Unilateral Brow Lift?

If I have a direct brow lift to treat asymmetry, will the surgery need to be repeated in the future? please note my question purely relates to asymmetry I am not concerned with trying to olok younger. I am 35.

Doctor Answers 6

Brow lift

Hello and thank you for your question. This mainly depends on the cause of your brow asymmetry.  This can likely be fixed. The most important aspect is to find a surgeon you are comfortable with. I recommend that you seek consultation with a qualified board-certified plastic surgeon who can evaluate you in person.

Best wishes and good luck.

Richard G. Reish, M.D.
Harvard-trained plastic surgeon

New York Plastic Surgeon
5.0 out of 5 stars 131 reviews

Direct Brow Lift for Asymmetry

The duration of improvement after a unilateral brow lift will depend on the cause of your asymmetry. If surgery is done make sure you consider all techniques because with a direct brow lift there is a risk of a visible unfavorable scar above the brow.

Richard W. Fleming, MD
Beverly Hills Facial Plastic Surgeon
4.9 out of 5 stars 39 reviews

Unilateral Brow Lift

In general, a direct brow lift is the best choice to repair a brow asymmetry.  This depends, however, on your full history and physical which you should do during your consultation with your surgeon.
Once an asymmetry is completely corrected, it should last many years.  Whether or not you would need a repeat surgery in the future is dependent on a few factors: how well the brow was treated, the reason for your asymmetry in the first place, and how well  you maintain your face and skin.
With good care of your face and skin (sunscreen, good nutrition, not smoking), you will help it last as long as possible.
Best of luck!

Kyle T. Yamamoto, MD
Reno Facial Plastic Surgeon
5.0 out of 5 stars 7 reviews

Try botox first

There could be some continued sagging with aging, as the facial skeleton continues to remodel and you can lose soft tissue.  So there is a chance you may need further surgery in the future.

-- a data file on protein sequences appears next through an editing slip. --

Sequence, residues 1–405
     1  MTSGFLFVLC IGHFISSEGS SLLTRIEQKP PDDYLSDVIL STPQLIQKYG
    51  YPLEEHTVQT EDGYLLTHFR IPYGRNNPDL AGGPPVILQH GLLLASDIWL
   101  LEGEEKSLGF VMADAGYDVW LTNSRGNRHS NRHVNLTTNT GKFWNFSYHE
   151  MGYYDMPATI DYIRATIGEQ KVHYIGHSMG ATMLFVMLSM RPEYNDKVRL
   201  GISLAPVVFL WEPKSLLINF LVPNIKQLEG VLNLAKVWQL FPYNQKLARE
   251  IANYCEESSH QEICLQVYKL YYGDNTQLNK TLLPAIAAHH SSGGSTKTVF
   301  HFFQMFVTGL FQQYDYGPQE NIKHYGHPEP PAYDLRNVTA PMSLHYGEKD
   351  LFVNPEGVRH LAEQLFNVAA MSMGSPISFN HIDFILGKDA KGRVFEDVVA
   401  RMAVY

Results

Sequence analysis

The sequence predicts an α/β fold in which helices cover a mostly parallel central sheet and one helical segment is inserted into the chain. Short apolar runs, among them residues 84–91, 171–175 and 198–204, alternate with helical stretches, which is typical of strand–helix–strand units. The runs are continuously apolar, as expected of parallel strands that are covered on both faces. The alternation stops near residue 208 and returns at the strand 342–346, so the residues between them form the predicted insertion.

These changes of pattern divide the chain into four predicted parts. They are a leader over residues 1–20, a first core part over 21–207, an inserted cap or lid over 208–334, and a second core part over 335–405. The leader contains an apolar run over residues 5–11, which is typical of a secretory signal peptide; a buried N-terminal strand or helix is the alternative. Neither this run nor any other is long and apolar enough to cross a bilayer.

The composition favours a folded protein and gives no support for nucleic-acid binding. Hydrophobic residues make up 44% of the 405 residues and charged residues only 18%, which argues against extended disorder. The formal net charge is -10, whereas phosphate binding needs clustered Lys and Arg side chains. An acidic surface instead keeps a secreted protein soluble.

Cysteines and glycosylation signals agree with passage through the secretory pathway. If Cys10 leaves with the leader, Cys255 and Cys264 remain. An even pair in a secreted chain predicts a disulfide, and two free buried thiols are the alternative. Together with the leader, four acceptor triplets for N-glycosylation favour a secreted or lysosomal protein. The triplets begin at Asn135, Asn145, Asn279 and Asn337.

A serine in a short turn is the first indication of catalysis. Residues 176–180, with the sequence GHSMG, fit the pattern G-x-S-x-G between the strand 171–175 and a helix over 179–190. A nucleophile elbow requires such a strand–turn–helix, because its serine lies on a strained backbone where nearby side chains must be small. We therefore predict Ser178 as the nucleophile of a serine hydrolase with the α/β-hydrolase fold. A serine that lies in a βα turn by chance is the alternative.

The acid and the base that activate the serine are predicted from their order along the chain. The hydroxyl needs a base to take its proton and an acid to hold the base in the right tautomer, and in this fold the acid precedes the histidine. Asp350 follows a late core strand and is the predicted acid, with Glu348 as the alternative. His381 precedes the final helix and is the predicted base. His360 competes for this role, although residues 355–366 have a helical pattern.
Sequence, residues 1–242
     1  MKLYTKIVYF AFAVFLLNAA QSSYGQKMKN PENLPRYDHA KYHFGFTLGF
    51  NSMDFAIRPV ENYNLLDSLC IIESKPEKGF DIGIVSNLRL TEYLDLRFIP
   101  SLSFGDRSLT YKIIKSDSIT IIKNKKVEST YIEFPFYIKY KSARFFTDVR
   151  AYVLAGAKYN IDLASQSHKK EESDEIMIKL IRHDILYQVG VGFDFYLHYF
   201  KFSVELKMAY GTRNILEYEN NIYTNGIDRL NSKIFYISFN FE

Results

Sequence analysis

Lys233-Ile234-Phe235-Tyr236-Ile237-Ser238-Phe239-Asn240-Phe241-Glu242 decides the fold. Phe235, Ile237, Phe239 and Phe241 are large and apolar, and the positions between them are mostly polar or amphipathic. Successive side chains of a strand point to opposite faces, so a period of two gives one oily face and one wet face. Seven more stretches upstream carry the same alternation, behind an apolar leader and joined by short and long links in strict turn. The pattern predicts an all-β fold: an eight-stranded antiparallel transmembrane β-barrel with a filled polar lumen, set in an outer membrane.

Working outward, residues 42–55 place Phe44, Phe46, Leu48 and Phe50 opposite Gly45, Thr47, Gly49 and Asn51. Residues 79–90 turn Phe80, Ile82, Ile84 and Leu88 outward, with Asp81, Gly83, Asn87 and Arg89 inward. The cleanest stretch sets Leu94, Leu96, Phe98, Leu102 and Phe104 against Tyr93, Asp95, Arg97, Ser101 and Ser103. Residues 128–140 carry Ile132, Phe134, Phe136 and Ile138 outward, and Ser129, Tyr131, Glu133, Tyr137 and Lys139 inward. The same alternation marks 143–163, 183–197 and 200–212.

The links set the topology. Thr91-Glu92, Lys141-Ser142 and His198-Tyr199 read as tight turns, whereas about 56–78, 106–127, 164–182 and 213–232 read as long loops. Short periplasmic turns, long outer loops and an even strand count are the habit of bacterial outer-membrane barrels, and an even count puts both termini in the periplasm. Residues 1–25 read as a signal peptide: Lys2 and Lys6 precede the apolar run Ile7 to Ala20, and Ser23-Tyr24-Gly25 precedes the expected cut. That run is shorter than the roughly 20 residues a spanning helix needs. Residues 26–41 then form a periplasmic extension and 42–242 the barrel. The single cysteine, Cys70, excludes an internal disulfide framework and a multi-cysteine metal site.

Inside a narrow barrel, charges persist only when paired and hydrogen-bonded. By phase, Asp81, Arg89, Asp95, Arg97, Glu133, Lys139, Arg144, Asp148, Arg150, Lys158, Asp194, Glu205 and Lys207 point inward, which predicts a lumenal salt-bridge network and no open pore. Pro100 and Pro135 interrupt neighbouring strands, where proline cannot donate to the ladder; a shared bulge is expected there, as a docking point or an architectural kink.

It might be worth trying botox injections first to possibly "try out" the brow lift to see if you like it.  
Essentially there are two muscle groups that have an impact on brow position.  First is the Frontalis muscle that lifts the brow (makes your eyebrows wiggle).  Secondly are the orbicularis oculi and corrugator supercilii muscles that depress the eyebrows.  If you selectively relax the muscles that depress the eyebrow with Botox, the eyebrow will elevate.  
If you like the effect of the botox, you can just continue getting the injections.  We treat many people with eyebrow asymmetries (both surgical and nonsurgical), so there are many options.
Just a suggestion, and best of luck to you!

W. Matthew White, MD
Manhattan Facial Plastic Surgeon
4.8 out of 5 stars 6 reviews

Correction of brow asymmetry

The short answer is yes -- brow asymmetry can be corrected surgically.  Obviously, a thorough history and physical exam must be done in order to determine if there are any underlying causes that should also be addressed.
There are several approaches to this problem -- from simple to more involved.  Best to discuss these options with a knowledgeable plastic surgeon.
Good luck!
Elliot W. Jacobs, MD, FACSNew York City212 570 6080

Elliot W. Jacobs, MD
New York Plastic Surgeon
4.5 out of 5 stars 35 reviews

Unilateral brow lift

How long a unilateral brow lift will last depends on what caused the brow asymmetry in the first place.  If you were born with uneven brows, are the brow bones and eye sockets uneven, too?  If the cause was nerve damage causing permanent weakening of the brow muscles on only one side, the lift will not last long.  If it was caused by the skin being stretched by swelling from an injury or other cause that has resolved, the improved symmetry could last a lifetime.

Lynn D. Derby, MD
Spokane Plastic Surgeon
5.0 out of 5 stars 19 reviews

These answers are for educational purposes and should not be relied upon as a substitute for medical advice you may receive from your physician. If you have a medical emergency, please call 911. These answers do not constitute or initiate a patient/doctor relationship.